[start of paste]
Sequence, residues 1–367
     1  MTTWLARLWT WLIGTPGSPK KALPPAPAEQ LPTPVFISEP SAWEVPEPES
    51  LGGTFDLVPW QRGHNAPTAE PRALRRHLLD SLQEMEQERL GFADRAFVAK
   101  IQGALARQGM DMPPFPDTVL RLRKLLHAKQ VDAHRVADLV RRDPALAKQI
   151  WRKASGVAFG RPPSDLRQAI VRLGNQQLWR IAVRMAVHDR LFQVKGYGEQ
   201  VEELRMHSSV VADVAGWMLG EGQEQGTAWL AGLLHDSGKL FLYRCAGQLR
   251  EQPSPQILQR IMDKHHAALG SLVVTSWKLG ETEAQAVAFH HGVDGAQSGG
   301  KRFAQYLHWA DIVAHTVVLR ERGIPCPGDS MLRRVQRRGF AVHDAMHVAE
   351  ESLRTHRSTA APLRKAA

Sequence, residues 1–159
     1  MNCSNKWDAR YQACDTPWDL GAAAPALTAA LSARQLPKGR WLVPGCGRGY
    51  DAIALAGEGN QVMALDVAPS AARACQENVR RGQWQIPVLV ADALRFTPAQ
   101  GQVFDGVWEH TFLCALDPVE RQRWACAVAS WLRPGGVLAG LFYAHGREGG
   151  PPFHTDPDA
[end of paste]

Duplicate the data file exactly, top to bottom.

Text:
Sequence, residues 1–367
     1  MTTWLARLWT WLIGTPGSPK KALPPAPAEQ LPTPVFISEP SAWEVPEPES
    51  LGGTFDLVPW QRGHNAPTAE PRALRRHLLD SLQEMEQERL GFADRAFVAK
   101  IQGALARQGM DMPPFPDTVL RLRKLLHAKQ VDAHRVADLV RRDPALAKQI
   151  WRKASGVAFG RPPSDLRQAI VRLGNQQLWR IAVRMAVHDR LFQVKGYGEQ
   201  VEELRMHSSV VADVAGWMLG EGQEQGTAWL AGLLHDSGKL FLYRCAGQLR
   251  EQPSPQILQR IMDKHHAALG SLVVTSWKLG ETEAQAVAFH HGVDGAQSGG
   301  KRFAQYLHWA DIVAHTVVLR ERGIPCPGDS MLRRVQRRGF AVHDAMHVAE
   351  ESLRTHRSTA APLRKAA

Sequence, residues 1–159
     1  MNCSNKWDAR YQACDTPWDL GAAAPALTAA LSARQLPKGR WLVPGCGRGY
    51  DAIALAGEGN QVMALDVAPS AARACQENVR RGQWQIPVLV ADALRFTPAQ
   101  GQVFDGVWEH TFLCALDPVE RQRWACAVAS WLRPGGVLAG LFYAHGREGG
   151  PPFHTDPDA